“WOMAN OF 9.9 BILLION” & ITS FAILED ATTEMPT TO REVEAL THE STAKES IN DROWNING IN YOUR GREED
Woman of 9.9 Billion is a very disappointing show and it’s certainly not for everyone.
Jeong Seo-Yeon (Cho Yeo-Jeong) wanted to kill herself. She was stuck in an abusive relationship with her husband Hong In-Pyo (Jung Woong-In) and was deeply unhappy with her life. She was so miserable that she betrayed her childhood friend Yoon Hee-Ju (Oh Na-Ra) and slept with her husband Lee Jae-Hun (Lee Ji-Hoon). Their affair finally allowed her to feel a semblance of what she imagined unconditional and unrestrained love to be, or at least the love she imagined Hee-Ju and Ji-Hoon shared. But it wasn’t enough. She didn’t have the money or carefree lifestyle that Hee-Ju took for granted. Every time she momentarily escaped with Jae-Hun, she would still have to return to her pitiful life with Hong In-Pyo as he contended with his failing food supply business and endure his abuse and then serve him. So, on one of Hee-Ju’s invite to vacation at a cabin in the woods, Seo-Yeon and In-Pyo decided to use that opportunity to enlist their help in gaining a contract that would finally support In-Pyo’s business and hopefully give them a new start. Still, it meant that Seo-Yeon had to pretend a lot, pretend that her husband was respectful and loving towards her and pretend it didn’t hurt when Hee-Ju was condensing towards her. But she was tired. She was tired of her painful existence and wanted to end it. In the mist of trying to take her life, as Jae-Hun was attempting to stop her from committing suicide, they heard the sound of what seemed like a loud explosion. When they found the source of the sound, they discovered 9.9 billion won. No witnesses were in sight but Seo-Yeon learned that two men were horribly hurt in a car crash and even though one man was still alive, she kept quiet and left him to die so that she could gather the money. Her greed and determination to keep the money she found is what made her a “Woman of 9.9 Billion.”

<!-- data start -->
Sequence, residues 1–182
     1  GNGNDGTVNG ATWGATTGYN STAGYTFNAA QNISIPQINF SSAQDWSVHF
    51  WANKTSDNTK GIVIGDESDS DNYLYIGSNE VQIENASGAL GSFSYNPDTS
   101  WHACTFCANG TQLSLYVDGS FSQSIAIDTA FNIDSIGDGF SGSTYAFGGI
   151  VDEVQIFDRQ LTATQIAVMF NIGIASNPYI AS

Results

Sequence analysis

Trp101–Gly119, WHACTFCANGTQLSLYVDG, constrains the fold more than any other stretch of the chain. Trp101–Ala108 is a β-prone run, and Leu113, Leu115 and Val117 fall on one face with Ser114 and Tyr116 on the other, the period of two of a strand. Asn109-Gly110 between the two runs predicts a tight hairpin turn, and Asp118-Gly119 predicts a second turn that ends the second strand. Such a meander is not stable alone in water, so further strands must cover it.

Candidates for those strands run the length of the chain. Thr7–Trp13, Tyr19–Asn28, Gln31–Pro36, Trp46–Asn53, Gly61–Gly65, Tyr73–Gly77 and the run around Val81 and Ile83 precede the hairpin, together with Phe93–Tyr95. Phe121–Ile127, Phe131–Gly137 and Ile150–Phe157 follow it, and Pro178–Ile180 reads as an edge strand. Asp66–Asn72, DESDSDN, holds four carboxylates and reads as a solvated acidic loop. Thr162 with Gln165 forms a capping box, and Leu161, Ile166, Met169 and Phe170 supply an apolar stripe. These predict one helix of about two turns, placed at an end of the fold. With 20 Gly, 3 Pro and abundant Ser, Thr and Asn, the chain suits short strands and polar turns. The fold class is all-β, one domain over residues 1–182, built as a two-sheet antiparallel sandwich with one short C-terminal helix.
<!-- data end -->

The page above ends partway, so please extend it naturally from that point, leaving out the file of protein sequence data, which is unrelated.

Despite the thrilling way the story starts, at heart, “Woman of 9.9 Billion” is a very disappointing show and it’s certainly not for everyone. First Seo-Yeon is very passive and deceptively so. Initially, she comes across as calculated and careful, but as the show progresses, it’s clear that she is very naive and impressionable, qualities that make her unsuited for her criminal activities. Because if a person is going to steal millions of dollars with many people hunting after them, you would at least expect said person to be some what clever but Seo-Yeon isn’t. (It’s a shame, because her friend Hee-Ju turns out to be the most interesting character.)
The story progression feels congested and slow. The plot is dreary because it feels like it drags on. From the point at which Seo-Yeon steals the 9.9 Billion won, to when she’s confronted with the realities of her greed, there are so many intense exchanges and plot twists one after another that lead to narrative angst. There is never any real relief throughout the show and viewers are constantly left to sit in a feeling of uncertainty about what will happen to her next. At some points, it feels worth asking, where is all of this going? It makes the viewing experience emotionally draining.